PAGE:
Improved intermodal rights and pricing flexibility, as well as increased economical ties between the two countries will all become apparent due to the new agreement, which will enter into force until January 1, 2016.
Some city-pair markets will see the entrance of new carriers for the first time in many years, and airlines will have the opportunity to offer new services to destinations they would not have been able to previously, as well as offering services from the U.S to Mexico and further afield.
US Transportation Secretary Anthony Foxx said: “Travellers, shippers, airline and the economies of both countries will benefit from competitive pricing and more convenient air service,” he said.
“This agreement is the result of the commitment on both sides of the border to strengthen the strong bonds of trade and tourism between our two countries, and demonstrate our shared commitment to a competitive, market-based international economic system.”Anthony Foxx
U.S Transportation Secretary
The agreement not only expand opportunities for air services and passengers, but it will encourage price competition between airlines. Cargo airlines, for the first time, will also have expanded opportunities to provide service to new destinations that were not available under the current agreement.
"This agreement is the result of the commitment on both sides of the border to strengthen the strong bonds of trade and tourism between our two countries, and demonstrate our shared commitment to a competitive, market-based international economic system," added Foxx.
Airports Council International-North America (ACI-NA) President and CEO Kevin M. Burke welcomed the move, saying that cooperation and collaboration is an essential part of the global aviation system.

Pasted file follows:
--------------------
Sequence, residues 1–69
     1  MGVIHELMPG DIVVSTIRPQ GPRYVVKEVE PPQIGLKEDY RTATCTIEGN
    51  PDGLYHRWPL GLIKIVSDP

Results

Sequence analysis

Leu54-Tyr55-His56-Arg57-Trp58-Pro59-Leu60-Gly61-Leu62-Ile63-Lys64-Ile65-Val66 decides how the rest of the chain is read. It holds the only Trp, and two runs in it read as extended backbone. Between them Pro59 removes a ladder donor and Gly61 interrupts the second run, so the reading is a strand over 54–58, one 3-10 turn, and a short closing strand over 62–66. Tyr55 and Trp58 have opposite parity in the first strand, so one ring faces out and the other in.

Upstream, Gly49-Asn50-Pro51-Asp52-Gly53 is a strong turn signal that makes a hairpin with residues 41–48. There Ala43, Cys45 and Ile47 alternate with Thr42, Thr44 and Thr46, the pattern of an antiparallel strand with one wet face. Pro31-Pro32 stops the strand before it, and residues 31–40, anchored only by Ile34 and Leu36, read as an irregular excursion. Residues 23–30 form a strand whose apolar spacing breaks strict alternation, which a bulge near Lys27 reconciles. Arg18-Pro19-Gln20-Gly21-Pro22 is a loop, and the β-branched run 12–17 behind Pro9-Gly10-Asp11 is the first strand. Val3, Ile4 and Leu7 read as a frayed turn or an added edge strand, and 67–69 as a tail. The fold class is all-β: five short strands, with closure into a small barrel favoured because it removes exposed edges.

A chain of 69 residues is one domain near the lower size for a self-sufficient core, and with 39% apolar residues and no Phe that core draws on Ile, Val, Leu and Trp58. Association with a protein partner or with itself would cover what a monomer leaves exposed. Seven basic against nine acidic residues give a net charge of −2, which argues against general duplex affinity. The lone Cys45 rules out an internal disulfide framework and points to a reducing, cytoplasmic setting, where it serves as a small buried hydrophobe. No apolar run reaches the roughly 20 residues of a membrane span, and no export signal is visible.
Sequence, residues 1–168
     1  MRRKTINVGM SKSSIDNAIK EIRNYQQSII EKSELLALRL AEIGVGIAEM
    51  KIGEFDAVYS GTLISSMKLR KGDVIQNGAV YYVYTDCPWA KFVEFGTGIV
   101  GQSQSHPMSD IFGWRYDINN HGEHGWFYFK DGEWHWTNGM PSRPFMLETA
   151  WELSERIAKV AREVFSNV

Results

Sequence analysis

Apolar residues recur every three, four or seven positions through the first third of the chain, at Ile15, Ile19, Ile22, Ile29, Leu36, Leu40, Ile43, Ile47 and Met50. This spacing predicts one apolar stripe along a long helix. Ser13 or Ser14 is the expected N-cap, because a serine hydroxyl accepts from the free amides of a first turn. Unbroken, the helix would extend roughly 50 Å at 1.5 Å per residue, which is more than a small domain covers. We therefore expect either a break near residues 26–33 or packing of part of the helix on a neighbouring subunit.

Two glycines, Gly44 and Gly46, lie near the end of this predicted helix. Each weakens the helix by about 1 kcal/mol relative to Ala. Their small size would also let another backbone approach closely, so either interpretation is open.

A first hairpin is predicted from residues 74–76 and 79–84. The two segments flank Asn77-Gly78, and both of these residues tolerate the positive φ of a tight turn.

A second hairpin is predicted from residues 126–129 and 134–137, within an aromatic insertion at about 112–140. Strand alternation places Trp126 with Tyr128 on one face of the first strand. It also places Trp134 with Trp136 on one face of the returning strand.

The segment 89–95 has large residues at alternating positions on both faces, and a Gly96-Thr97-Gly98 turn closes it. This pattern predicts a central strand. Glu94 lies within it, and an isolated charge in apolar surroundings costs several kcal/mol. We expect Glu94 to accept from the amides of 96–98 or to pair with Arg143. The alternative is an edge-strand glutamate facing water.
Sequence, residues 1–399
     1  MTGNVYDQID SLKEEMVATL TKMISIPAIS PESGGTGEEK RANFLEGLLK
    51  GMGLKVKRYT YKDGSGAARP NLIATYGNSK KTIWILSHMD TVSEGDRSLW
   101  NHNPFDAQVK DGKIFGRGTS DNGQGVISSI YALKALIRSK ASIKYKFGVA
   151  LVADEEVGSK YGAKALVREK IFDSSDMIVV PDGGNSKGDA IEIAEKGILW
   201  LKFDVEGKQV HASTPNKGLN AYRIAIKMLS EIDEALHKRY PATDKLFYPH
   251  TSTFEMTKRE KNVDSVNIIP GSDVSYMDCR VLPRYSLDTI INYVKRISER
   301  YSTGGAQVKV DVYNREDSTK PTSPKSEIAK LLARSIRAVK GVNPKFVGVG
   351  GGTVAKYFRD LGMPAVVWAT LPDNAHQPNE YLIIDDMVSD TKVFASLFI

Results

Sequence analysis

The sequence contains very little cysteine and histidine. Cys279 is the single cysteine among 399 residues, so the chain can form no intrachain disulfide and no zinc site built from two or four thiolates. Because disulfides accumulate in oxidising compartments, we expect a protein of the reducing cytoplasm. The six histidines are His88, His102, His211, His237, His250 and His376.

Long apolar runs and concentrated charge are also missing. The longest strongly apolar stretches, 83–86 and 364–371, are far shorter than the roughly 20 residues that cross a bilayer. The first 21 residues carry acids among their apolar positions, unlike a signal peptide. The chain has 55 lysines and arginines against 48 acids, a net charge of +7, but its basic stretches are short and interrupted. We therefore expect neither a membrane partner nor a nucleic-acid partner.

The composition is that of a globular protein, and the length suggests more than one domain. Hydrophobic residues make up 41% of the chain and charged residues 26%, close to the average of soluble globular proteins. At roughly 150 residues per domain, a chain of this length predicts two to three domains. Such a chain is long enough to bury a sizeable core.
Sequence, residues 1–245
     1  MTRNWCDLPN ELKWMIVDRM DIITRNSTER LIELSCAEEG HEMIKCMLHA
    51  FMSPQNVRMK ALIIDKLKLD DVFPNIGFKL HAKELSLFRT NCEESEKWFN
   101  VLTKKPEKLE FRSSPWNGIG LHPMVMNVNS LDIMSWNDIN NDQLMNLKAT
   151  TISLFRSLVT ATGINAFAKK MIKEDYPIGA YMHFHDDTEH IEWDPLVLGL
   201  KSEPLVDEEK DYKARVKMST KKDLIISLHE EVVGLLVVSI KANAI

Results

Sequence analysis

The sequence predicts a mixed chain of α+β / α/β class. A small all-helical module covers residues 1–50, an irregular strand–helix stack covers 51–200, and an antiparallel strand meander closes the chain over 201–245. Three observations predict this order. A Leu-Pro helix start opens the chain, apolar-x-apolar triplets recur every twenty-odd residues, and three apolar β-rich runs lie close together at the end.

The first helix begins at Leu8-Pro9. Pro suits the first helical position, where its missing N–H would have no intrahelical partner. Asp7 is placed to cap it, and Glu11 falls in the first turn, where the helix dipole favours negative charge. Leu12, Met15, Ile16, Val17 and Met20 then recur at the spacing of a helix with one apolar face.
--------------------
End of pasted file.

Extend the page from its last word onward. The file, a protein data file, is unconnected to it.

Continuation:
“The historic air transport agreement between the United States and Mexico, when implemented, will provide new opportunities for U.S. and Mexican airports through increased access to price and service competition for passenger travel and cargo shipping," he said.
The Mexico-US trans-border market has particularly emerged as a key battleground as Mexico’s low-cost carriers and Aeromexico try to regain some of the market share lost by Mexican carriers since the collapse of Mexicana in 2011.
The current bilateral restrictions limit access between the US and Mexico and this restriction is highly regulated by each Government.
Low-cost Mexican carrier, Interjet airlines which emerged in 2005, picked up a proportion of Mexicana’s seat capacity from 2011, and Mexican low-cost carrier, Volaris has also seen a significant increase in seats from the same year as Mexicana’s collapse.
American Airlines has the dominant share of capacity (17.9 per cent), but if we include the US Airways capacity, taking into consideration its integration with AA in the coming year, this rises to 25.2 per cent.
US carriers such as AirTran and JetBlue have seen a substantial increase in capacity since 2010, with AirTran (now part of Southwest Airlines) registering a 233 per cent increase in capacity between 2010 and 2014.
In the chart, below, we highlight the ten largest O&D city pairs between Mexico and the United States based on bi-directional O&D passenger demand in 2013. The enormous potential of this market is clear when you consider these ten routes account for just one fifth of the total passenger demand between the two countries last year.